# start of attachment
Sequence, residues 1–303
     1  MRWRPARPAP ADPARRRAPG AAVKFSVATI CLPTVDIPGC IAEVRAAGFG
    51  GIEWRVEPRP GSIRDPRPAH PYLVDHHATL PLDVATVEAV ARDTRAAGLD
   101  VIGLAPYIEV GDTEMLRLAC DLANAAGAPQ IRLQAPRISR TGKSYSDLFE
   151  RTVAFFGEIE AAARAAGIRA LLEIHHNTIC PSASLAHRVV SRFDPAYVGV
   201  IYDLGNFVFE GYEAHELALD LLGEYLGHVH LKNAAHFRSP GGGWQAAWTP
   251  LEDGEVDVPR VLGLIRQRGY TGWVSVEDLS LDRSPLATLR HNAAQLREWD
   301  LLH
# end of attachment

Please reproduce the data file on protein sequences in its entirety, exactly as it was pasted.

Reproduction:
Sequence, residues 1–303
     1  MRWRPARPAP ADPARRRAPG AAVKFSVATI CLPTVDIPGC IAEVRAAGFG
    51  GIEWRVEPRP GSIRDPRPAH PYLVDHHATL PLDVATVEAV ARDTRAAGLD
   101  VIGLAPYIEV GDTEMLRLAC DLANAAGAPQ IRLQAPRISR TGKSYSDLFE
   151  RTVAFFGEIE AAARAAGIRA LLEIHHNTIC PSASLAHRVV SRFDPAYVGV
   201  IYDLGNFVFE GYEAHELALD LLGEYLGHVH LKNAAHFRSP GGGWQAAWTP
   251  LEDGEVDVPR VLGLIRQRGY TGWVSVEDLS LDRSPLATLR HNAAQLREWD
   301  LLH